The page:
In December 1945, two Egyptian fellahin, digging for natural fertilizer in the Nile River valley unearthed a sealed storage jar. The jar proved to hold treasure of an unexpected sort: a collection of some fifty-two ancient manuscripts, most of which reflect the teachings of a mystical religious movement we call Gnosticism (from the Greek word gnosis, "knowledge"). The texts are also, with few exceptions, Christian documents, and thus they provide us with valuable new information about the character of the early church, and about the Gnostic Christians within the church.In this volume, Marvin W. Meyer has produced a new English translation for general readers of four of the most important and revealing of these early Christian texts -- the Secret Book of James, the Gospel of Thomas, the Book of Thomas, and the Secret Book of John.
If God is in control, are people really free? This question has bothered Christians for centuries. And answers have covered a wide spectrum. Today Christians still disagree. Those who emphasize human freedom view it as a reflection of God's self-limited power. Others look at human freedom in the order of God's overall control. David and Randall Basinger have put this age-old question to four scholars trained in theology and philosophy. John Feinberg of Trinity Evangelical Divinity School and Norman Geisler of Dallas Theological Seminary focus on God's specific sovereignty. Bruce Reichenbach of Augsburg College and Clark Pinnock of McMaster Divinity College insist that God must limit his control to ensure our freedom. Each writer argues for his perspective and applies his theory to two practical case studies. Then the other writers respond to each of the major essays, exposing what they see as fallacies and hidden assumptions. A lively and provocative volume.
An important volume of scholarship, this book presents a collection of documents previously little known and inaccessible to the English-speaking world. This volume includes writings of the Radical Reformation--Anabaptist and Spiritualist--as well as three treatises by Juan de Valdes as a representative of Evangelical Catholicism.
Long recognized for the quality of its translations, introductions, explanatory notes, and indexes, the Library of Christian Classics provides scholars and students with modern English translations of some of the most significant Christian theological texts in history. Through these works--each written prior to the end of the sixteenth century--contemporary readers are able to engage the ideas that have shaped Christian theology and the church through the centuries.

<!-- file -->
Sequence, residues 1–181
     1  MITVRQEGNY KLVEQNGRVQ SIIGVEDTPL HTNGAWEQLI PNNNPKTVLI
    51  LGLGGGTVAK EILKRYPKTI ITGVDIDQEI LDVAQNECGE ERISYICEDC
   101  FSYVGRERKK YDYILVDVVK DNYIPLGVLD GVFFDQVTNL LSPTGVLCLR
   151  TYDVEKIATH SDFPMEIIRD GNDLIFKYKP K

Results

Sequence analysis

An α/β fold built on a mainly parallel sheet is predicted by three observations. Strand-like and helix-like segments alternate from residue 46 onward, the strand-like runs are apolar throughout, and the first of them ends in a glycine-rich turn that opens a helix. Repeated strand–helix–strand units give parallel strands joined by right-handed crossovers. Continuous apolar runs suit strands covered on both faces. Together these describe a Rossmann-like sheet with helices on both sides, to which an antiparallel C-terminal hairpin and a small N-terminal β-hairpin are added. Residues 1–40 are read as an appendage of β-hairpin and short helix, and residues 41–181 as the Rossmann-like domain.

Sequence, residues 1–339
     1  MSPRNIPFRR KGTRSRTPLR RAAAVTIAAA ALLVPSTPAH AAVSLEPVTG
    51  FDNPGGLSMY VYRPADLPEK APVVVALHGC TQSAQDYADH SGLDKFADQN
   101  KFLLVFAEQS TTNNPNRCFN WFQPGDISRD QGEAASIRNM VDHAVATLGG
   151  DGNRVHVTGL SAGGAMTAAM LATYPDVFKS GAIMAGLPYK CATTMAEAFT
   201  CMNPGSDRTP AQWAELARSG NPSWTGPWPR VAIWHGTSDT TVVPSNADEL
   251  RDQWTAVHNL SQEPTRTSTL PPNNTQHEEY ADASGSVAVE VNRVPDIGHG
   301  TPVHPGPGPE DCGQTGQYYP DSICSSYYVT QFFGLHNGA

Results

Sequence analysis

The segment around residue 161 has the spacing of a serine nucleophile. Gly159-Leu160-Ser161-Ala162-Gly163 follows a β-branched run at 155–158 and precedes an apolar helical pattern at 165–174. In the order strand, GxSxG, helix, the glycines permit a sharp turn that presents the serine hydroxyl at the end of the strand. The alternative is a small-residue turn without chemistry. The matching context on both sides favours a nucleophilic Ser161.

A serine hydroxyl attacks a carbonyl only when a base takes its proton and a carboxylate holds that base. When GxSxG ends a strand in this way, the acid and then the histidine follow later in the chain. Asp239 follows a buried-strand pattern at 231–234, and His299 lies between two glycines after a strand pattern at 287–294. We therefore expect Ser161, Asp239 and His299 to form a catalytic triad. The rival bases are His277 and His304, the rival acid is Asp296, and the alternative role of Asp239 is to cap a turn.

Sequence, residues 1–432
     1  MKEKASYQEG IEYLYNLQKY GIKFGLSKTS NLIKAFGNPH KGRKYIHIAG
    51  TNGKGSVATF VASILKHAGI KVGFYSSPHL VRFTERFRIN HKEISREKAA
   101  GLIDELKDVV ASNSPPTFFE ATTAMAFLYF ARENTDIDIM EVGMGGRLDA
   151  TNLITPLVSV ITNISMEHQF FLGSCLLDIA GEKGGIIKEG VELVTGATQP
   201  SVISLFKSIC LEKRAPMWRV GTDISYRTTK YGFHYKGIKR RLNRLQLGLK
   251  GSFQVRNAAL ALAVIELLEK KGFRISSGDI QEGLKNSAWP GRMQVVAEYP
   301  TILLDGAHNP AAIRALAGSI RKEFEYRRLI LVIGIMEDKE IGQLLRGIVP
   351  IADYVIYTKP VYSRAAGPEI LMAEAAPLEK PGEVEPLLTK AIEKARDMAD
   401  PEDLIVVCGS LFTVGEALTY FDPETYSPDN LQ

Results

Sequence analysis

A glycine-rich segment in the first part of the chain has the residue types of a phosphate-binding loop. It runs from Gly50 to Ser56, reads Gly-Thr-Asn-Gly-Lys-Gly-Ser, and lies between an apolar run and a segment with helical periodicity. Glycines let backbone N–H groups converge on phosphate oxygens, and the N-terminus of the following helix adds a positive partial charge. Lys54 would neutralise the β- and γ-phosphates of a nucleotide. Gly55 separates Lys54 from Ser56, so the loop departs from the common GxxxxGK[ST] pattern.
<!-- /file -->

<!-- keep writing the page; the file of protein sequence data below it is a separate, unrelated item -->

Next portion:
This edition of Tantra in Tibet consists of three parts published under the auspices of the Dalai Lama. "Essence of Tantra" by H. H. the Dalai Lama reveals the highly practical and compassionate use of this science of spiritual development. His Holiness discusses tantra for practice, refuge, the three paths, greatness of mantra, clear light, and initiation. "The Great Exposition of Secret Mantra--part 1" by Tsong-ka-pa is one of the principal classic texts on tantra. It presents the main features common to all the Buddhist tantra systems as well as the differences between sutra and tantra. In this volume Tsong-ka-pa covers paths to Buddhahood, vajra vehicle, deity yoga, and method in the four tantras. "Supplement" by Jeffrey Hopkins discusses the meaning of emptiness, transformation, and the purpose of the four tantras. Tantra in Tibet is part of the Wisdom of Tibet series.
The author writes: "This book is not a scholarly investigation into the history of the Orthodox Church ...It is a reflection..., an attempt to discern in our past that which is essential and permanent and that which is secondary, mere past."
Following the fall of the Roman Empire in the West, the cult of the saints was the dominant form of religion in Christian Europe. In this elegantly written work, Peter Brown explores the role of tombs, shrines, relics, and pilgrimages connected with the sacred bodies of the saints. He shows how men and women living in harsh and sometimes barbaric times relied upon the merciful intercession of the holy dead to obtain justice, forgiveness, and to find new ways to accept their fellows. Challenging the common treatment of the cult as an outbreak of superstition among the lower classes, Brown demonstrates how this form of religiousity engaged the finest minds of the Church and elicited from members of the educated upper classes some of their most splendid achievements in poetry, literature, and the patronage of the arts. Brown has an international reputation for his fine style, a style he here turns on to illuminate the cult of the saints. Christianity was born without such a cult; it took rise and that rise needs chronicling. Brown has a gift for the memorable phrase and sees what the passersby have often overlooked. An eye-opener on an important but neglected phase of Western development.--The Christian Century Brilliantly original and highly sophisticated . . . . The Cult of the Saints] is based on great learning in several disciplines, and the story is told with an exceptional appreciation for the broad social context. Students of many aspects of medieval culture, especially popular religion, will want to consult this work.--Bennett D. Hill, Library Journal
Richard J. Foster's Celebration of Discipline: The Path to Spiritual Growth is hailed by many as the best modern book on Christian spirituality with millions of copies sold since its original publication in 1978.
In Celebration of Discipline, Foster explores the "classic Disciplines," or central spiritual practices, of the Christian faith to show how each of these areas contribute to a balanced spiritual life.
Foster, the bestselling author of several books (Prayer and Streams of Living Water) and intrachurch movement founder of Renovare, helps motivate Christians everywhere to embark on a journey of prayer and spiritual growth.